Develop/confirm program-level student learning outcomes.
    List recommended and required courses, including Core/LFL courses.
    Create the map in the form of a table.
    Mark courses that currently address these outcomes indicating the level at which the outcomes are addressed (and how they are assessed, if you wish).
    Analyze the map, noting gaps, redundancies, and areas where additional information is needed.
    Gather additional information including evidence related to student achievement of the outcomes.
    Use the map to make decisions about the program’s curriculum and assess its effectiveness.
  • 34. Program Core Outcomes
    Communication: oral (speaking/listening) and written (reading/writing)
    Interpersonal: collaboration, leadership
    Problem-solving: application of content/methods to a variety of contexts
    Critical thinking: application of inquiry/methods to a variety of contexts
    Information literacy: how to use information (computer, library, media, technical, modeling, etc.)
  • 35. Program Core Outcomes
    Multicultural awareness: respecting others and multiple views
    Intellectual flexibility: open to new ideas and adaptive to changing environments
    Methods: inquiry process, evidence gathering and assessment, statistics, etc.
    Ethics: world, personal, research
    Responsibility: well-rounded character, civic engagement, etc.
  • 36.
  • 37. Examples
    Vague: The student will gain knowledge of automated chemistry tests.
    Specific: The student will state the principle for each automated chemistry test listed.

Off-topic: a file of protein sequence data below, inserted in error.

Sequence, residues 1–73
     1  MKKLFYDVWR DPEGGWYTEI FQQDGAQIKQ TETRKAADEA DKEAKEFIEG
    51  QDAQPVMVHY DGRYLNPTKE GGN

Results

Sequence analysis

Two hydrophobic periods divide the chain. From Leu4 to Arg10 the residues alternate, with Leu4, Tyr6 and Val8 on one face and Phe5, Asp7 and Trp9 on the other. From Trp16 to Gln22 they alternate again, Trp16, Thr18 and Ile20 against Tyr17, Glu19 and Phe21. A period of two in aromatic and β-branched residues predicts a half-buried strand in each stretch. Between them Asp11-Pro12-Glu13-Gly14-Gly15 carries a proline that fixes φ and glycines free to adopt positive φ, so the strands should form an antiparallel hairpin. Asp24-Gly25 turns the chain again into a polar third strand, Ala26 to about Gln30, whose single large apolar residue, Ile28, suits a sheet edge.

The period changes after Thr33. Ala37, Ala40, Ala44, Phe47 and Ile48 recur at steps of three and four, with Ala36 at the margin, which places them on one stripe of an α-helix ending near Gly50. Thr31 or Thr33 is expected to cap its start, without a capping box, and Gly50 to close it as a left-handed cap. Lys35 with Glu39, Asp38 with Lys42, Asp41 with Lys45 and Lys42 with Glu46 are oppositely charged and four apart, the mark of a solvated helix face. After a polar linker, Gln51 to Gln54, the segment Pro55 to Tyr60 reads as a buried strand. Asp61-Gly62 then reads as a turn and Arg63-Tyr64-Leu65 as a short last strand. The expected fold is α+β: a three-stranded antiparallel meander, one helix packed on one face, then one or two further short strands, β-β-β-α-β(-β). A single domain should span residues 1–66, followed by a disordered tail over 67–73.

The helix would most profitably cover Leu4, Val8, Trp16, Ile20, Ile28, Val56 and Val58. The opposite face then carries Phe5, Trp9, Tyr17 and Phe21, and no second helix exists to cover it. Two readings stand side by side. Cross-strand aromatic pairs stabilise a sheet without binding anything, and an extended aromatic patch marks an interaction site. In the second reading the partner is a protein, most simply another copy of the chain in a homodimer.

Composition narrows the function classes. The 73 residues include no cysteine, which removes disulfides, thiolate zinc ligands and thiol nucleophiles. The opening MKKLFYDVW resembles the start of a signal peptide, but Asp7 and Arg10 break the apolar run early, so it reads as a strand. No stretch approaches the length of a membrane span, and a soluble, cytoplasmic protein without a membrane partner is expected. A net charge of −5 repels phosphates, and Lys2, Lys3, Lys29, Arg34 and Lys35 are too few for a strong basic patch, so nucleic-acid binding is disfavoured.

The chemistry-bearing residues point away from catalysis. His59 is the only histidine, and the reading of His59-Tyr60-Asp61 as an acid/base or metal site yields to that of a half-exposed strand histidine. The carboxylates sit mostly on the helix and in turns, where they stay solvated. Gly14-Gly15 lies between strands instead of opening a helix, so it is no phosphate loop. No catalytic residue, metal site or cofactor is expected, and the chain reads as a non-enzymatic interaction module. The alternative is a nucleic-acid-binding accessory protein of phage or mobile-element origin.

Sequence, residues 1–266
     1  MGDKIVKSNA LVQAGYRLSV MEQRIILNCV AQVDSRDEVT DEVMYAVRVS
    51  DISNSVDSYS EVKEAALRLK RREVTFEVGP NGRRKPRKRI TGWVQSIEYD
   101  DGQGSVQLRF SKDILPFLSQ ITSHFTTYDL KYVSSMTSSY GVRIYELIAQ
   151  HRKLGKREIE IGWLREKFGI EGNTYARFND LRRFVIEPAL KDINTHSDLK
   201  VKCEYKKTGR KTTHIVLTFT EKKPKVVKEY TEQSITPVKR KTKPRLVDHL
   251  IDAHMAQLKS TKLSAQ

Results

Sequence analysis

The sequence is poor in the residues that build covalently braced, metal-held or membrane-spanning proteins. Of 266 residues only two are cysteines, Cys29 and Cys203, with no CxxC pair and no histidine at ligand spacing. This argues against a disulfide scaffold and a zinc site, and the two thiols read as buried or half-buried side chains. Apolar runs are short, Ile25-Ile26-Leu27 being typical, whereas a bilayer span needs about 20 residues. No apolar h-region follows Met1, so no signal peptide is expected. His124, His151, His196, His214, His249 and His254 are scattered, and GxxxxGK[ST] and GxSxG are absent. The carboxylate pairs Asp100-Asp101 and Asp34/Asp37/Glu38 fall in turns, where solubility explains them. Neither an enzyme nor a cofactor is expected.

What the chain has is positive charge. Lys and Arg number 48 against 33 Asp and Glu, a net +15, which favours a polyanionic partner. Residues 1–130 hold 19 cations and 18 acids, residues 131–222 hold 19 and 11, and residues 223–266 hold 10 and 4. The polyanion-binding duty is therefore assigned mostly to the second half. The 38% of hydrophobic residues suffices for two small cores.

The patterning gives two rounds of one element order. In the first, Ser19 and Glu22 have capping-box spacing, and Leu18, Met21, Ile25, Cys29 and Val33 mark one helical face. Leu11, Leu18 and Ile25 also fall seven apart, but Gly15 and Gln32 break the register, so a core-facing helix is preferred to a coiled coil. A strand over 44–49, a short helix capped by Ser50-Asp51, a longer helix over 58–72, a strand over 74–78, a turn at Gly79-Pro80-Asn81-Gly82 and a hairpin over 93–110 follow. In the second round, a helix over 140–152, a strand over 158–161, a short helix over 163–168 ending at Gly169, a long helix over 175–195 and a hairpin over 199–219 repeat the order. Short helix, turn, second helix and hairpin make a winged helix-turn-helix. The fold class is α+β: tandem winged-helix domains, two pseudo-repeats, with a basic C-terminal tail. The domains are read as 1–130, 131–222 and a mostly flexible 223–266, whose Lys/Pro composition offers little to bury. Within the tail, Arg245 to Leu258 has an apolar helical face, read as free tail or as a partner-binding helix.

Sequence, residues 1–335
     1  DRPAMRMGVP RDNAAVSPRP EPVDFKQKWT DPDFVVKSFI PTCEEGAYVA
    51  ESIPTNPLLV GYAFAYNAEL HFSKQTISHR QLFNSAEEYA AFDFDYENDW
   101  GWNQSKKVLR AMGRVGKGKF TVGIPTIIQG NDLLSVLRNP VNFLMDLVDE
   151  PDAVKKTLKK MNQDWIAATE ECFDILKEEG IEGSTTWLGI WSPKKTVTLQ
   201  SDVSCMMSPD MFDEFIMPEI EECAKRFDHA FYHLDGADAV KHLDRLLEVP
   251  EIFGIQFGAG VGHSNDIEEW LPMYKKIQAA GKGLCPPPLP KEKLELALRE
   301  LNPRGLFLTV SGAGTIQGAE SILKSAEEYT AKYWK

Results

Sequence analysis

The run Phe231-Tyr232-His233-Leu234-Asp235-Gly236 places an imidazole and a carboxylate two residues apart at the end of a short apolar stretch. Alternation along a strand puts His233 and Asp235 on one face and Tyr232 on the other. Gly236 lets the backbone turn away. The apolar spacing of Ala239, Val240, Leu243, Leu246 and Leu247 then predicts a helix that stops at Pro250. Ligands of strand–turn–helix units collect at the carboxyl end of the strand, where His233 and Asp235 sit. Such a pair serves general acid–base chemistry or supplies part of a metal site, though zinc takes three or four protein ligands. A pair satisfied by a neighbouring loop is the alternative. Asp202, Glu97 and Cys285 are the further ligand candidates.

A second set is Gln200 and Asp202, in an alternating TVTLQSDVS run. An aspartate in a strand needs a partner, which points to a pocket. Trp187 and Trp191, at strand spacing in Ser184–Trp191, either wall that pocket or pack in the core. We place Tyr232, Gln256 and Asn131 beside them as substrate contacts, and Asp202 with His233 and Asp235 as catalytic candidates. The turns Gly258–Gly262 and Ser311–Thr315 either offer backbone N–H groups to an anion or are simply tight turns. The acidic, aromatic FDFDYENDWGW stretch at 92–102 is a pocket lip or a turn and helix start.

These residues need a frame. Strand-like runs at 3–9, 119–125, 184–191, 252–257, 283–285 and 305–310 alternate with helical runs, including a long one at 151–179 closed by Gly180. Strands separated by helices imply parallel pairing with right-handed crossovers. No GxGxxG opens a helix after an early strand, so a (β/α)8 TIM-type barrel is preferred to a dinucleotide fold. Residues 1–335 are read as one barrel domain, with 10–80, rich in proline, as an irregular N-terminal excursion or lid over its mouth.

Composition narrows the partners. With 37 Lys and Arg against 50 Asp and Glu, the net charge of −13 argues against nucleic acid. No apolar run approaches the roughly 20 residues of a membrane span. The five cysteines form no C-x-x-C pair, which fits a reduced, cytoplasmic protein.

• 38. Examples
    Vague: The student will be familiar with red blood cell maturation in the bone marrow.
    Specific: The student will diagram the maturation of red blood cells.
  • 39. Examples
    Vague: The student will become familiar with theories of population growth.
    Specific: The student will compare and contrast neo-Malthusian, modernization, and distributionist theories of population growth.
  • 40. Examples
    Vague: The student will understand the benefits of various exercise modalities for an elderly person.
    Specific: The student will determine the most appropriate exercise modality for health maintenance in a patience who is elderly.
  • 41. Drafting Process
    Draft: Students will be familiar with the major theories of the discipline
    Revision 1: Students will be familiar with withdrawal, smoothing, forcing, compromising, and problem solving
    Revision 2: Students will summarize the concepts of withdrawal, smoothing, forcing, compromising, and problem solving
    Specific: Students will summarize the five major approaches to conflict resolution: withdrawal, smoothing, forcing, compromising, and problem solving
    Higher order thinking objective: Students will choose and defend a conflict resolution approach appropriate for a given situation
  • 42. Course Example
    This course is designed to facilitate your learning and practice of essential knowledge and skills for engaging in critical social and environmental inquiry or ‘critical environmental studies.’ If you invest your time and effort fully in meeting course expectations and requirements, you should finish the term being able to:
    Recognize and describe environmental problems
    Examine and diagnose social ‘root causes’ of environmental problems
    Appraise potential solutions for addressing environmental problems
    Articulate viable courses of action for addressing environmental problems
    Use your own voice to contribute meaningful ideas to public discourse about environmental issues
    Summarize and critique major social scientific interpretations of environmental change